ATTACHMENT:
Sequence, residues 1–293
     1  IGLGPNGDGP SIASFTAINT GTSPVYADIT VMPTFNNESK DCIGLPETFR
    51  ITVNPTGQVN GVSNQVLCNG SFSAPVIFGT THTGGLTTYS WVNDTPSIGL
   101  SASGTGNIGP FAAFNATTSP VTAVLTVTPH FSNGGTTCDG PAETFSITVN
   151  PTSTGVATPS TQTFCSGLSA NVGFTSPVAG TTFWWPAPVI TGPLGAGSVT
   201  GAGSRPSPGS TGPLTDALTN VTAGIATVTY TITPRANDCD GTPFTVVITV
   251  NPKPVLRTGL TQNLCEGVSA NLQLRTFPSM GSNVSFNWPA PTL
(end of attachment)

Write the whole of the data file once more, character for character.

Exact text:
Sequence, residues 1–293
     1  IGLGPNGDGP SIASFTAINT GTSPVYADIT VMPTFNNESK DCIGLPETFR
    51  ITVNPTGQVN GVSNQVLCNG SFSAPVIFGT THTGGLTTYS WVNDTPSIGL
   101  SASGTGNIGP FAAFNATTSP VTAVLTVTPH FSNGGTTCDG PAETFSITVN
   151  PTSTGVATPS TQTFCSGLSA NVGFTSPVAG TTFWWPAPVI TGPLGAGSVT
   201  GAGSRPSPGS TGPLTDALTN VTAGIATVTY TITPRANDCD GTPFTVVITV
   251  NPKPVLRTGL TQNLCEGVSA NLQLRTFPSM GSNVSFNWPA PTL